There are a ton of posts out there about how to stay healthy, how to clean your home and prevent illness, but what happens when you child wakes up sick or comes home from school with symptoms? They feel wretched, and you’re panicking about how to cordon off the illness from the rest of your family while making your sick child feel better as soon as possible. When your child is sick, your work doubles and your nerves get shorter. To help save your sanity, here are some tips on how to handle your sick brood:
Raid your Medicine Cabinet
At the beginning of the school year, I stock our medicine cabinet with the essential medicines and tools to help relieve symptoms. If there is a fever present, I make sure it’s the first thing I knock out with the proper dose of medication. Likewise, I keep some Vicks or chest rub on hand and administer that under socks for coughs, stuffy noses and the rest. Treat your child’s symptoms with OTC medicines that are age-appropriate and recommended by your nurses and pediatricians.
Wash All Towels and Bedsheets Often
This is a huge one. Wash all the towels, hand-towels, washcloths and floor mats. Even if you washed them yesterday, do it again. Wet towels and clumped washcloths can harbor germs faster than anything else, and keeping everything fresh is important! Bedsheets, being the number one place a sick kid lies, need to be changed at least every other day when the flu or stomach bug is present. If your child is sick with a cold, or strep throat, the sheets might “last” a little longer, but certainly as the illness wains, wash them to prevent reinfection or passing it along.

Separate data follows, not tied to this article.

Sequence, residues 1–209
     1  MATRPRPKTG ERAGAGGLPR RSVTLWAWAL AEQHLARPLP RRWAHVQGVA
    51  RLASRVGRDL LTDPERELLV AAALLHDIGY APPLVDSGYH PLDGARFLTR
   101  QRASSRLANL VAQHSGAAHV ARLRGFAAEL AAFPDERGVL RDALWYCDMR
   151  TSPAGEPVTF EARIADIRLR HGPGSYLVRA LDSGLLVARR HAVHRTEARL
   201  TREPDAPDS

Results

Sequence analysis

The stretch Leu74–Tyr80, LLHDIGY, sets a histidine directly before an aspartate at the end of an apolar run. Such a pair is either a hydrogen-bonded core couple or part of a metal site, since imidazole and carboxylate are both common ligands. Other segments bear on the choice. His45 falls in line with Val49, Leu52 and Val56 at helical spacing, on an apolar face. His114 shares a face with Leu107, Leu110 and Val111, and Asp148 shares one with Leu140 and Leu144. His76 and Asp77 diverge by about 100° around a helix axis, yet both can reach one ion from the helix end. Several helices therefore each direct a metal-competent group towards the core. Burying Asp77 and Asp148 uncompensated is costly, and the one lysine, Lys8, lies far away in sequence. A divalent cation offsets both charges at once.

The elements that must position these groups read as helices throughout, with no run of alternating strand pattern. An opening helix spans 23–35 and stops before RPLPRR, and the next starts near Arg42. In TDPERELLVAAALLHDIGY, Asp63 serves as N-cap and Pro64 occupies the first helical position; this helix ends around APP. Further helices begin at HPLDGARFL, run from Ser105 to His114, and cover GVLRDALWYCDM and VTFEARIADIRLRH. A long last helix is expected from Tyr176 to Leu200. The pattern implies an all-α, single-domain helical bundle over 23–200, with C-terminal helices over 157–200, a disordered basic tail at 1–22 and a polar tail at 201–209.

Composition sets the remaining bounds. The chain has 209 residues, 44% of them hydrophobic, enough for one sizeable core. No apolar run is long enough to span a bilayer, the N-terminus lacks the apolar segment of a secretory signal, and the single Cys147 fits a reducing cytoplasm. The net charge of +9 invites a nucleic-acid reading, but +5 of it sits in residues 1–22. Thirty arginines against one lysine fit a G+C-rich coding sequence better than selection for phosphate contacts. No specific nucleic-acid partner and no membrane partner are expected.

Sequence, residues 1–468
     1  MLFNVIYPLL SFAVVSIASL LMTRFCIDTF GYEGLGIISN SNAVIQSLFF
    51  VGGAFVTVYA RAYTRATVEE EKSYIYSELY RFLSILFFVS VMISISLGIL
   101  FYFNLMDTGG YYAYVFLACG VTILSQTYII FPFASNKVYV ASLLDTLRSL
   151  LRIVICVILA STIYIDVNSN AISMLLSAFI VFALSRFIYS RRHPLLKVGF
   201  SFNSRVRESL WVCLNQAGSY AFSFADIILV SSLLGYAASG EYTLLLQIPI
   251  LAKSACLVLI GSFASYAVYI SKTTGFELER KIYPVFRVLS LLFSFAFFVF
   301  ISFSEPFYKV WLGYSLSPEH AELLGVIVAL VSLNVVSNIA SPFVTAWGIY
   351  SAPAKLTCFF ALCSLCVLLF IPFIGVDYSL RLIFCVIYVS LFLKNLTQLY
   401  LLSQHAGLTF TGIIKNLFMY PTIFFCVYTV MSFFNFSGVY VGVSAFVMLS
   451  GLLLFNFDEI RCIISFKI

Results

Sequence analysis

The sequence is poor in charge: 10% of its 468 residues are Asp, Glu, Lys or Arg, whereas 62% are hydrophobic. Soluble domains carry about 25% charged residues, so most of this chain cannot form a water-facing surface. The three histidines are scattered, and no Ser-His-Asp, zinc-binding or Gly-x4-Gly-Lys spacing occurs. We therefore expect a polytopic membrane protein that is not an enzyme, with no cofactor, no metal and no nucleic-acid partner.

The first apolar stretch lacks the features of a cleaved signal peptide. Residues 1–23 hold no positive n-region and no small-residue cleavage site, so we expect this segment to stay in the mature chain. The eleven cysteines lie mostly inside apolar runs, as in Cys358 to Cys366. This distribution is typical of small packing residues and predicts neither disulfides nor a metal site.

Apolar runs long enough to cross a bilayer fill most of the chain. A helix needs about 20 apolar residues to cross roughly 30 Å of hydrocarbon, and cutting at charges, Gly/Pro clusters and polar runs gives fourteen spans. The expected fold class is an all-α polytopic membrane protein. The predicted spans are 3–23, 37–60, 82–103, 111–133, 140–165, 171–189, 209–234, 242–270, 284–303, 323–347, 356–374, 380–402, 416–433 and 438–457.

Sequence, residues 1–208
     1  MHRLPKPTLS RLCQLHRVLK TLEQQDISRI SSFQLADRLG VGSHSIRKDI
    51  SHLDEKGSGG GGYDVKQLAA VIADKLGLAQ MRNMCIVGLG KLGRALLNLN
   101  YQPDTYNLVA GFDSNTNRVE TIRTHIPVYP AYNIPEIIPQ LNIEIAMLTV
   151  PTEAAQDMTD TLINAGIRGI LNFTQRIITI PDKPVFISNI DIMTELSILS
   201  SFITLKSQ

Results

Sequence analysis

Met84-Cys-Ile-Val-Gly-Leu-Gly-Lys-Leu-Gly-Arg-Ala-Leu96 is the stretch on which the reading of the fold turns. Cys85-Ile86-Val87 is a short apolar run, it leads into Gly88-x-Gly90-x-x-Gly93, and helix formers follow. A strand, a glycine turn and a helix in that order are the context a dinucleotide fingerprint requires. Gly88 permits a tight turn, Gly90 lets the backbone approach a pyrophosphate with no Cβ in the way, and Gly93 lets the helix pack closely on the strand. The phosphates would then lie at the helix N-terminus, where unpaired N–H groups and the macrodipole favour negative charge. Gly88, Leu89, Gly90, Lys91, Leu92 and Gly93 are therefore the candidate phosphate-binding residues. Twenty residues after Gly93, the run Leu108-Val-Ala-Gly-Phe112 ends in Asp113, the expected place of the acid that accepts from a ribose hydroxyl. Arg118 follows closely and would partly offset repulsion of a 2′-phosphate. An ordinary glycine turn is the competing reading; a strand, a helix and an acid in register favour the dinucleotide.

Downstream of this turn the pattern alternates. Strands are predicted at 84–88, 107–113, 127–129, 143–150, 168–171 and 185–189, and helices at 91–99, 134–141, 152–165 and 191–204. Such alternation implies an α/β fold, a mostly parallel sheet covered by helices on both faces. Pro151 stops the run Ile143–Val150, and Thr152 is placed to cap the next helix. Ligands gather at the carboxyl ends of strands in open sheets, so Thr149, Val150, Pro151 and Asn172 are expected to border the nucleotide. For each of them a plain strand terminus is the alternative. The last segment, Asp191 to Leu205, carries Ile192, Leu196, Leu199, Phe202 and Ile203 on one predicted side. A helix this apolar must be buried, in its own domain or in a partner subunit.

Air Out Your Home
This one can seem kind of backwards in the winter, but opening a window in a sick person’s room, or airing out the main living space can be really beneficial. There have been many studies that show indoor air can be dirtier than outdoor air and you certainly don’t want an illness stagnating in your house! Breathe deep for about an hour or so each day and feel well sooner.
Change Out Toiletries
This one is huge. Especially if you have an illness that is spread by water droplets, or other bodily fluids, changing out toothbrushes and other personal products after an illness is important. Besides toothbrushes, we will also sanitize medicine droppers, thermometers, and exchange saline nasal sprays. Keep it clean, folks!
Call Your Pediatrician’s Nurse Line
Grown ups don’t get a nurses line… the best we can hope for is the quick clinic around the corner, and even then, there’s usually a line. One of my favorite parental discoveries is that our pediatrician has a nurses line that is available 6 days a week! That means I can call up, describe my child’s symptoms and either get advice and directions to handle it at home, or be immediately connected to appointments to see the doctor. It’s one of my favorite features of our healthcare! If your pediatrician doesn’t have a nurses line, there are also medical advice available by app and video if you need it.
Be sure to check out my cough and cold guide for babies and toddlers here… it’s chock full of great information!
What are your other tips for taking action when your child is sick?